His new film for Netflix, Da Five Bloods, is an anguished howl of pain about a group of black men who fought together in Vietnam, losing their leader and burying him in a field with a case of gold bars. Now years later, as they approach being senior citizens, they return to Vietnam to retrieve his body and the gold.
I think it is a safe assumption to state that Lee has changed the way we watch movies, bringing to light the black experience, making white audiences aware of the challenges still existing in America as a black individual. He once again digs deep into himself and his heritage to explore that theme in this superb new film,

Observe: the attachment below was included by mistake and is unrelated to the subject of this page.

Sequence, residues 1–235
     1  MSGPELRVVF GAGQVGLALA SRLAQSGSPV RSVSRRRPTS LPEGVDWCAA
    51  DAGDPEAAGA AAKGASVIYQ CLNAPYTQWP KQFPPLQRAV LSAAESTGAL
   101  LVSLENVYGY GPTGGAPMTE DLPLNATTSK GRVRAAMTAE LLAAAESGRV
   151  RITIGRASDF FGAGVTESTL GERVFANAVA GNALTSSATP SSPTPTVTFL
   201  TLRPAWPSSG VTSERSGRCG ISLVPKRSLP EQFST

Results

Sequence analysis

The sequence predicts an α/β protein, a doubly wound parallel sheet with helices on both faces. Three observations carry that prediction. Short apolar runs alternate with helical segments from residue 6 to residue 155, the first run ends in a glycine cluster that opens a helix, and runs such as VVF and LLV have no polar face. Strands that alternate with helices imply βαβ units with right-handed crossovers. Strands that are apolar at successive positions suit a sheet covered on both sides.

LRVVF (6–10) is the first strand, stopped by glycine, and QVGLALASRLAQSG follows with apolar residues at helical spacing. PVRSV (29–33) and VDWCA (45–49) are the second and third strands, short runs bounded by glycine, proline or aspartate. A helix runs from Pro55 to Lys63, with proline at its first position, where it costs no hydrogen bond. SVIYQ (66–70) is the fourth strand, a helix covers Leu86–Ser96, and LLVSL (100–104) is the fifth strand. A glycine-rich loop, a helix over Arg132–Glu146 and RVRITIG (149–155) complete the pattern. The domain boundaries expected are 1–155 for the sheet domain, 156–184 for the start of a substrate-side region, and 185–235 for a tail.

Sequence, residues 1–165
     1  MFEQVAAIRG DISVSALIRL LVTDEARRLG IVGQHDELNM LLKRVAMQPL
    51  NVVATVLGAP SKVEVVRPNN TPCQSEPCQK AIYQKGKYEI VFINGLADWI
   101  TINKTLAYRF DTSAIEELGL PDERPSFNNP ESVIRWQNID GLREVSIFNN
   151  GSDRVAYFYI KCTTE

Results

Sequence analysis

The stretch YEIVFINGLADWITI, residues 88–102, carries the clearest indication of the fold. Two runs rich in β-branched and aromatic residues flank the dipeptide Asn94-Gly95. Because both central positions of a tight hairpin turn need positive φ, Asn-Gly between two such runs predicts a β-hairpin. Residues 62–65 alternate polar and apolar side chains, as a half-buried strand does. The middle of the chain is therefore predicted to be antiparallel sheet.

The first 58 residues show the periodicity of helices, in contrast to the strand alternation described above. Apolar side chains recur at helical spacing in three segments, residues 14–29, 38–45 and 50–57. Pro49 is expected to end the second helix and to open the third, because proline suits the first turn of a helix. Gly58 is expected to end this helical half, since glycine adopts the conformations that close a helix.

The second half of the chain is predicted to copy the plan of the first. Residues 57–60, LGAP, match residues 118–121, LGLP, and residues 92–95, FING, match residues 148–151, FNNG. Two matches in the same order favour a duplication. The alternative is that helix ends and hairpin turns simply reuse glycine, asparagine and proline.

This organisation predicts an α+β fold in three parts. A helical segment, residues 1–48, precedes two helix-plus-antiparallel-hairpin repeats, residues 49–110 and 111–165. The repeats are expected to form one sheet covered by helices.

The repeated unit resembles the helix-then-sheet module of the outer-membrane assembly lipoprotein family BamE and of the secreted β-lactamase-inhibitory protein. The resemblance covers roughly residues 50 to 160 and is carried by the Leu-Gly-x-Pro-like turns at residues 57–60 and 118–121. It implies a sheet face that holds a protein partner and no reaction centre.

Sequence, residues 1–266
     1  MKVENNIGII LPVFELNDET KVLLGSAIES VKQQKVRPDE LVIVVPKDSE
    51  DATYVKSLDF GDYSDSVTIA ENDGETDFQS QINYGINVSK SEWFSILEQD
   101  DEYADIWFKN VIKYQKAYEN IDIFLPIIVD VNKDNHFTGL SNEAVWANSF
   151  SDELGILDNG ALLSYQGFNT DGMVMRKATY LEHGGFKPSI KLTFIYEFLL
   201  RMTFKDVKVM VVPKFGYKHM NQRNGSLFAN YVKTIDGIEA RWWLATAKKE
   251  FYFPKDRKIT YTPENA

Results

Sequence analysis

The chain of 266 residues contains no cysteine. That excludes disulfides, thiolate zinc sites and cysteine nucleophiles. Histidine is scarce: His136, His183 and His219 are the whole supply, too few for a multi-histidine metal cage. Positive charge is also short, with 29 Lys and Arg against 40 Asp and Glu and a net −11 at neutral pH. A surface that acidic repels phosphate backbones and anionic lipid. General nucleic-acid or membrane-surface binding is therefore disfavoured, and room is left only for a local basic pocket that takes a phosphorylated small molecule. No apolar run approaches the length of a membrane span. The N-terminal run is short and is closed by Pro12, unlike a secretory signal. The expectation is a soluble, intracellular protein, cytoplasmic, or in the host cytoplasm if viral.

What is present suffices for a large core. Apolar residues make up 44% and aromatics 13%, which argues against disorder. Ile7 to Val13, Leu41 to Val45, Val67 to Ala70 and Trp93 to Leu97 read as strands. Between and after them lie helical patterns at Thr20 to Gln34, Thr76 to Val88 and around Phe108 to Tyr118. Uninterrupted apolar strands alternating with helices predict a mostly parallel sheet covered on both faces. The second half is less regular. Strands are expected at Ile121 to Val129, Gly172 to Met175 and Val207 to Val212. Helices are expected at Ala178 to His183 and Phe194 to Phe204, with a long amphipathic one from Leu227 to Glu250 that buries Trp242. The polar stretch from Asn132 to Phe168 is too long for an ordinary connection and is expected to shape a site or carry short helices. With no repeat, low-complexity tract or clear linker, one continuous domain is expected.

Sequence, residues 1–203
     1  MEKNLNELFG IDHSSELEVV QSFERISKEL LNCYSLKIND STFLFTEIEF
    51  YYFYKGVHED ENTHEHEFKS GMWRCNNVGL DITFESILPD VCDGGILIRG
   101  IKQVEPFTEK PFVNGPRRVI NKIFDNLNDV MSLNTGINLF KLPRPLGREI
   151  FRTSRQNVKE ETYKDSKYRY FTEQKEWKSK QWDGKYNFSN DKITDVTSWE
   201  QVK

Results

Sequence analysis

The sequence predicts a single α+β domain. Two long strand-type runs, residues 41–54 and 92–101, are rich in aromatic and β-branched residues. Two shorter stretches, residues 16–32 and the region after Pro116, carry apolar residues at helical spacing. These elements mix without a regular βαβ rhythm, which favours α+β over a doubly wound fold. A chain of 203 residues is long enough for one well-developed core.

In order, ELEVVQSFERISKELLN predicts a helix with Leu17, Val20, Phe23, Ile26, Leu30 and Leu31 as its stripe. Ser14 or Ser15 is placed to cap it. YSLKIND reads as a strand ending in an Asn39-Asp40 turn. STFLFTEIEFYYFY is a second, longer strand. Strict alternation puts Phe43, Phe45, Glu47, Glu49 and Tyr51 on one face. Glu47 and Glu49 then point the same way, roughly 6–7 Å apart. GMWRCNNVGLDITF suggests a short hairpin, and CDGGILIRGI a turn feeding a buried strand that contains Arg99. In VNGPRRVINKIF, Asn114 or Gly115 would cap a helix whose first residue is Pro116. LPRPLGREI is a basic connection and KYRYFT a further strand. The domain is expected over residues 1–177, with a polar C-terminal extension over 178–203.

The film is part The Treasure of the Sierra Madre (1948) and part Apocalypse Now as the men search for their dead friend and the coveted bars of gold, a quest that will have deadly consequences as they discover they are not alone in the search for the gold bars. Moving upriver from the city of Ho Chi Minh into the blistering hot interior of Vietnam, the men move through the country where once they fought a vicious battle for their lives. There is much humour in the film – we listen to old men banter about their youth, their body parts, sex, their time at war and what it is to grow old. Often the film veers off into a study of loyalty, honour, greed (hey there is gold at stake) and the depth of friendship, eventually becoming much more dramatic. In a way nothing much has changed for the men, as they are back in Vietnam once again on a rather dangerous mission, and though there are no bombs or bullets whizzing past them, there are treacherous double crosses, as greed rears its ugly face. In the dense green land there are still live landmines, left over from the war, which the men are acutely aware of, and some of their instinctual soldiering has never left them, though perhaps is numbed a bit.